Legislation has been introduced in the Senate that would reduce by half the tax on the income generated by annuities that make lifetime payments.
The legislation, which will be reintroduced in the next Congress in January, is designed to ensure that existing retirement income products have a seat at the table when Social Security revamping is discussed next year.
The bill was introduced by Sen. Gordon Smith, R-Ore., and Sen. Kent Conrad, D-N.D., on Dec. 7. A similar bill was introduced in the House much earlier in the legislative year by Rep. Nancy Johnson, R-Conn. It has a number of sponsors on both sides of the aisle, particularly from House Ways and Means Committee members, according to officials at the Americans for Secure Retirement trade group.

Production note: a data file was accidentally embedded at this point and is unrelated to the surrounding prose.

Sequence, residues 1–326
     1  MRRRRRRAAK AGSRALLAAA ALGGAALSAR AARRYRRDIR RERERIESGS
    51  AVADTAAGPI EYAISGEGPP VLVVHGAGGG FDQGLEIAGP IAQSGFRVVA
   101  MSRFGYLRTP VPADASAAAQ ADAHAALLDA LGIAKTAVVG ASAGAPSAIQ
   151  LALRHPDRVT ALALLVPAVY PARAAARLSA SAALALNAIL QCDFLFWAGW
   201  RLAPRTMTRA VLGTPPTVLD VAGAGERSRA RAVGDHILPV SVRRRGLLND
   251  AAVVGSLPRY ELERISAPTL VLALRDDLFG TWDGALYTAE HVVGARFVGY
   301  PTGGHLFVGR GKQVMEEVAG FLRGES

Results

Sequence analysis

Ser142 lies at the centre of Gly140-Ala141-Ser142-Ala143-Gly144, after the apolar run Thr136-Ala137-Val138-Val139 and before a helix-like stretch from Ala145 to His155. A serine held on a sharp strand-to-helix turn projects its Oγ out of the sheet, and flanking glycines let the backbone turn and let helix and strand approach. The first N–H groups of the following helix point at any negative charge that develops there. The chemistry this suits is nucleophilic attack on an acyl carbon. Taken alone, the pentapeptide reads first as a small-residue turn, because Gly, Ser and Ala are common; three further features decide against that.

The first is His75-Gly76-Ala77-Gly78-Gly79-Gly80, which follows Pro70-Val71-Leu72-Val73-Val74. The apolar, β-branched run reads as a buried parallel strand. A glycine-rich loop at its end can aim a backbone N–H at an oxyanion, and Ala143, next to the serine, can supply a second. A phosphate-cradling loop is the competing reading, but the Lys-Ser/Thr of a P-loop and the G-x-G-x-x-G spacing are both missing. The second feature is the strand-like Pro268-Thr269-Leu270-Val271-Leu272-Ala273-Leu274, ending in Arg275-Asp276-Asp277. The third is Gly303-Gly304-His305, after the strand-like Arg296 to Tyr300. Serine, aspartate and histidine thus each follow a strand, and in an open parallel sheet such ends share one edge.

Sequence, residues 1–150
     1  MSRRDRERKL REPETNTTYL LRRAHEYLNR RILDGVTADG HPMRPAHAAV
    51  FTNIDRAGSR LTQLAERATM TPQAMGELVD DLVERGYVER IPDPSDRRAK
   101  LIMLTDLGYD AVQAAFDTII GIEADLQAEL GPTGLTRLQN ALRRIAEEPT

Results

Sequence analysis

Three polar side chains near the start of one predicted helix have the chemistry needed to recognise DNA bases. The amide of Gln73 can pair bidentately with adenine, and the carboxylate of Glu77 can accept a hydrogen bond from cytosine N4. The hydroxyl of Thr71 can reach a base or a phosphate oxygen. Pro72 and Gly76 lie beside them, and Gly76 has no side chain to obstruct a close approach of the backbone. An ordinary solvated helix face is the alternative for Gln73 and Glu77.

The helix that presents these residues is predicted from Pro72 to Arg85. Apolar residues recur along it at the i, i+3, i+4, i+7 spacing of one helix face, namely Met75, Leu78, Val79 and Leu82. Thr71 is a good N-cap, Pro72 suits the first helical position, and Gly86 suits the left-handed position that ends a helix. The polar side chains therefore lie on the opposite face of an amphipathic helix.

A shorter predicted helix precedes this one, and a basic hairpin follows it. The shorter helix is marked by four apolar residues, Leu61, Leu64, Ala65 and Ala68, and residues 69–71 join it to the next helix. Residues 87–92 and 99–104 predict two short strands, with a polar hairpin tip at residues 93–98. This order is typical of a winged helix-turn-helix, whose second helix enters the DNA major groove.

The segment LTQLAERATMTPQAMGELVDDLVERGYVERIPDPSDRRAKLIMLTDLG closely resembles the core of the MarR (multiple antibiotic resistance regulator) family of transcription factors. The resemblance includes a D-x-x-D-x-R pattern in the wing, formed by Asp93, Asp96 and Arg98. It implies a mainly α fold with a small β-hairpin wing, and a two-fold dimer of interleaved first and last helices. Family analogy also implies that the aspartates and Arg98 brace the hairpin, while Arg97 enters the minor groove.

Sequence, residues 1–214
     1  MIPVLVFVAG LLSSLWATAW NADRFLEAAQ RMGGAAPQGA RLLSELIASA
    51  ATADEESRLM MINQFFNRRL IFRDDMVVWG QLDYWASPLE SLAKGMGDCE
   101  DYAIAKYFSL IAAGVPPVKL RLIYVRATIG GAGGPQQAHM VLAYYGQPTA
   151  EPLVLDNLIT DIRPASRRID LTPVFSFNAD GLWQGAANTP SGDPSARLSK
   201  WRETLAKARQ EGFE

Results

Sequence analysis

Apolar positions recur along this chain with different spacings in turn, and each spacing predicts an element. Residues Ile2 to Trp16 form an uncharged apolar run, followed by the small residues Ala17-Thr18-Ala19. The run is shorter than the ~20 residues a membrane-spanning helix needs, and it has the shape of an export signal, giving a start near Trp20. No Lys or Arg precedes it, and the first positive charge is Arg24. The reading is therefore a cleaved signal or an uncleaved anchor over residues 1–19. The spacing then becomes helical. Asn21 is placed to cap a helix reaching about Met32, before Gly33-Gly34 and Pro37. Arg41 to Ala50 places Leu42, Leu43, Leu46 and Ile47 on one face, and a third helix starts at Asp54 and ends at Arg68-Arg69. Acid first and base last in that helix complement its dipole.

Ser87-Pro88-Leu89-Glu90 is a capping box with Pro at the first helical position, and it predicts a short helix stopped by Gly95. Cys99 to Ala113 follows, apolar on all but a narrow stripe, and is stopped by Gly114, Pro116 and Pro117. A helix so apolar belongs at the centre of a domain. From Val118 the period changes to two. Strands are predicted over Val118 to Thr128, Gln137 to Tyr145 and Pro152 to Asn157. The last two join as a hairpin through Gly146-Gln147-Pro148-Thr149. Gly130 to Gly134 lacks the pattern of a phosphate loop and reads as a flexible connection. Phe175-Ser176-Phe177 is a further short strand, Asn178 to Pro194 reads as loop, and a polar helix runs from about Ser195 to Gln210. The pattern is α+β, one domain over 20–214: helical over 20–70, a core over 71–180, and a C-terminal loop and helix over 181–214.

Under the proposal, individuals would not pay federal taxes on one-half of the income generated by annuities that make lifetime payments. There would be an annual limit of $20,000 on the amount an individual could exclude from federal taxes each year. For a typical American in the 25% tax bracket, this would provide an annual tax savings of up to $5,000, representatives of ASR said.
In a floor statement about the bill, Conrad said the bill would apply only to life-contingent, nonqualified annuities. A life-contingent annuity that is subsequently modified to a fixed-term payout would be subject to a recapture tax, he said.